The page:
April 13, 2020
The Canadian Cattlemen’s Association (CCA) is recommending the immediate reinstatement of a set-aside program that was implemented during the BSE era to address the challenges with beef processing capacity being created by COVID-19.
The CCA says it’s in discussions with the federal government about implementing the program to encourage producers to hold cattle longer when processing capacity isn’t available. The program was originally developed and implemented when export markets, including the U.S., closed to Canadian cattle and beef after the discovery of a positive case of BSE in 2003.
“We learned many lessons during the hard years of BSE, and it is time to implement the policies that previously helped us weather the storm,” says Bob Lowe, President of the CCA, in a statement issued late Monday (April 13.)
Cargill’s High River, Alta., beef plant is one of the latest on a growing list of North American meat processing plants to slow down or shut down completely due to COVID-19 risks among employees. Cargill has slowed the plant down to one shift as of this week, limiting the number of cattle processed to roughly 1,500 per day. The plant regularly slaughters 4,000 to 4,500 per day with two shifts, and represents 36 percent of Canada’s total beef processing capacity.
To read the full article or to watch the video, please click here.
Please see the below industry update on the temporary shift reduction at the Cargill processing plant in High River, Alberta, beginning Monday, April 13, 2020.
COVID-19 Reduces North American Beef Processing Capacity
The below resource was prepared to share best practices for maintaining the health and safety of farm employees, while continuing safe and secure business operations during the COVID-19 pandemic.
This resource is for information purposes only and due to the rapidly changing circumstances surrounding COVID-19, it is important that individuals consult their local public health authorities for the most current recommendations/protocols.
Guidance to Beef Operations on Response to Suspect Confirmed COVID-19 Employees
CFIA – Updated Guidance to Meat Slaughter and Processing Establishments on Prevention and Response to Suspect and Confirmed COVID-19 Plant Employees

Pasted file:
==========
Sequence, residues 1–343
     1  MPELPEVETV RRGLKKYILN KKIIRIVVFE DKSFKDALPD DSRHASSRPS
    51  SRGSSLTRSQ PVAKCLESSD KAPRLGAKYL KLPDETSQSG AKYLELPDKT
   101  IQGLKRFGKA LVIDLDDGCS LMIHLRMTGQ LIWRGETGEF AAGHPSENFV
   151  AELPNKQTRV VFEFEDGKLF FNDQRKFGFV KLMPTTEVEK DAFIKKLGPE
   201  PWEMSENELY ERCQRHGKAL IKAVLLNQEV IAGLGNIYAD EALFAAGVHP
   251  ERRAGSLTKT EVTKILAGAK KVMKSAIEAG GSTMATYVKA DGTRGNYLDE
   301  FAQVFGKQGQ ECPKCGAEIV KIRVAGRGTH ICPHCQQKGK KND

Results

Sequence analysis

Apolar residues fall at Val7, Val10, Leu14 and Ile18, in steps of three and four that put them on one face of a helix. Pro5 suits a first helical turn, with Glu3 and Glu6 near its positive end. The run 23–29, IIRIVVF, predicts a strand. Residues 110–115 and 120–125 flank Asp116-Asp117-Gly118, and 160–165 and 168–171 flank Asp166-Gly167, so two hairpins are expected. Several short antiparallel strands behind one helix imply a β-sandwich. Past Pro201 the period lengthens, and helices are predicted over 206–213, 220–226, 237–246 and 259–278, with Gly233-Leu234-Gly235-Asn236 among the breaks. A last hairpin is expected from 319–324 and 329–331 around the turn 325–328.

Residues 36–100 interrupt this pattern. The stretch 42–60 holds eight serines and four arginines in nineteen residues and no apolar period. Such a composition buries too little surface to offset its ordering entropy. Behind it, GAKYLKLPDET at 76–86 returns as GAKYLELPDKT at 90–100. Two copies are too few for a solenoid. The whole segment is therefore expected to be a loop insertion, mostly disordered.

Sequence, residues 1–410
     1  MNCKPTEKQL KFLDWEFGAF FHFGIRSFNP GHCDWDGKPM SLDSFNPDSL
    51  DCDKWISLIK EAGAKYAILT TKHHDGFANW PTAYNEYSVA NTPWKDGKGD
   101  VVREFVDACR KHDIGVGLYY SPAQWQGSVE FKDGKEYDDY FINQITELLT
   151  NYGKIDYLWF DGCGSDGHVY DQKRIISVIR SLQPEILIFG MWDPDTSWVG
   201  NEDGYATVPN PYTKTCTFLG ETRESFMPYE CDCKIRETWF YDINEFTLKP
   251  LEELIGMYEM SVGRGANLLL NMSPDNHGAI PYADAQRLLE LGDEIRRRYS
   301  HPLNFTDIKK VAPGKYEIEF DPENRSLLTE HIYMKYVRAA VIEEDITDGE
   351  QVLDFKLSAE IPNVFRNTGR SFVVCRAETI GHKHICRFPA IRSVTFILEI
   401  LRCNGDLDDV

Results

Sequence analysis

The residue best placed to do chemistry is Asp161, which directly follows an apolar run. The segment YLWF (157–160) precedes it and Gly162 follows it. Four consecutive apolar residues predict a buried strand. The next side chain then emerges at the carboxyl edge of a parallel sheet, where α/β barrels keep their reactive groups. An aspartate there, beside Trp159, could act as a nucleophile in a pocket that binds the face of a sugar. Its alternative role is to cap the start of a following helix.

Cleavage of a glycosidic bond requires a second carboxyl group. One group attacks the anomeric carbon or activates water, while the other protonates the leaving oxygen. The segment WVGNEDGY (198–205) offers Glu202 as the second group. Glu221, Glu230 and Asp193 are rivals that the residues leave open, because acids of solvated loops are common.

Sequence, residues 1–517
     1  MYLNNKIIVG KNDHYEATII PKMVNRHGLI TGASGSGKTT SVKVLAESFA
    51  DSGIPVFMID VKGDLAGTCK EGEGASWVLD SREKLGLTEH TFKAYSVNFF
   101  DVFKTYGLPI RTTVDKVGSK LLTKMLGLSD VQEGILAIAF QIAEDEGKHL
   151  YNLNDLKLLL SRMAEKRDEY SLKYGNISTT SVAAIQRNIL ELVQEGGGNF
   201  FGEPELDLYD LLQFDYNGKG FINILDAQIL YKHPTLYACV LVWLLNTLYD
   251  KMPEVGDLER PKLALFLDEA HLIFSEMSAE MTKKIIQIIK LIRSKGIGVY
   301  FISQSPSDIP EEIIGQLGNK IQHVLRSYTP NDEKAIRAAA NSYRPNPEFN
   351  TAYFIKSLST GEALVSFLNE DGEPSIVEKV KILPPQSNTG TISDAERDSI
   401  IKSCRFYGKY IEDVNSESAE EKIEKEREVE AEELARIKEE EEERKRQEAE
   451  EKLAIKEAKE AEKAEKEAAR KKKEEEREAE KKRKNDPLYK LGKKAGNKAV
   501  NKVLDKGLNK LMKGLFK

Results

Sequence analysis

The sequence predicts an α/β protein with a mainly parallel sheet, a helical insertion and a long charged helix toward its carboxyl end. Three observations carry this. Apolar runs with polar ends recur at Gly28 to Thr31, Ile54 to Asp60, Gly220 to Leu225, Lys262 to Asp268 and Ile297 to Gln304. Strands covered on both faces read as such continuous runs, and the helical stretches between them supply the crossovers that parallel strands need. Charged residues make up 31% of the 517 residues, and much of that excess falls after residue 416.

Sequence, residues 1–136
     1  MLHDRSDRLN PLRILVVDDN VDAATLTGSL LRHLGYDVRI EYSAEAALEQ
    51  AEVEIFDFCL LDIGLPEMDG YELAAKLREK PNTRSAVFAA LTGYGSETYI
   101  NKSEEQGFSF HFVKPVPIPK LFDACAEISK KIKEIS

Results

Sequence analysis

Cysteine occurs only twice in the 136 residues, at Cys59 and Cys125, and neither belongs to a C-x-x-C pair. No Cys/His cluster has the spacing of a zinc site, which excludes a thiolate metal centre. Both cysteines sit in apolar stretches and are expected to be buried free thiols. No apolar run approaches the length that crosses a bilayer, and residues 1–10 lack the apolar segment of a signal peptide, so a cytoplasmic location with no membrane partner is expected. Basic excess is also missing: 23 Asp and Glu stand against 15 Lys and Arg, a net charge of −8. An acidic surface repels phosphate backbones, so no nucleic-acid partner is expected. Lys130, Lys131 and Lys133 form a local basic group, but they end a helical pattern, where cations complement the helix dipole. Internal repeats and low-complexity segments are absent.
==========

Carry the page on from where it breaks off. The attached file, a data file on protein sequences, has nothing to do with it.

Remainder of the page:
The guidance document outlines steps that meat slaughter and processing establishments are required to take to address exposure risks for both establishment and CFIA employees. This is an update to the document that was published on March 31, 2020.
The CFA is doing a series of surveys each week to monitor how COVID-19 is impacting farmers.
Week of April 6th survey link
NSDA Notice: Soil testing for registered farms
Soil samples will be accepted effective immediately with testing scheduled to begin the week of April 14, 2020.
By: Brett Crosby
Apr 02, 2020
Choice wholesale beef prices spiked $45.61 per cwt higher week to week on March 20, as COVID-19 forced consumers to stay home, shifting significant beef demand away from the food service sector to retail grocery. Even though prices softened since then, Choice boxed beef cutout value March 30 was still 11% higher than a year earlier.
At the same time, plummeting cash prices for calves, feeder cattle and fed cattle that had to be marketed meant catastrophic losses for some producers, if the cattle weren’t hedged or forward-priced ahead of the COVID-19 panic.
There are many reasons for the seeming disconnect between beef prices and cattle prices, but these are primary ones, in my opinion.
To read the full article, please click here.
Minister Blair (Public Safety Canada) released the Guidance on Essential Services and Functions in Canada During the COVID-19 Pandemic.
This can be found within the “Food” section here.
Tuesday, March 31, 2020
Due to the COVID-19 pandemic, the Canadian Food Inspection Agency is extending the deadline for livestock feed renewal applications until May 31, 2020, for registrations set to expire on March 31, 2020.
Please read the Notice to Industry for more information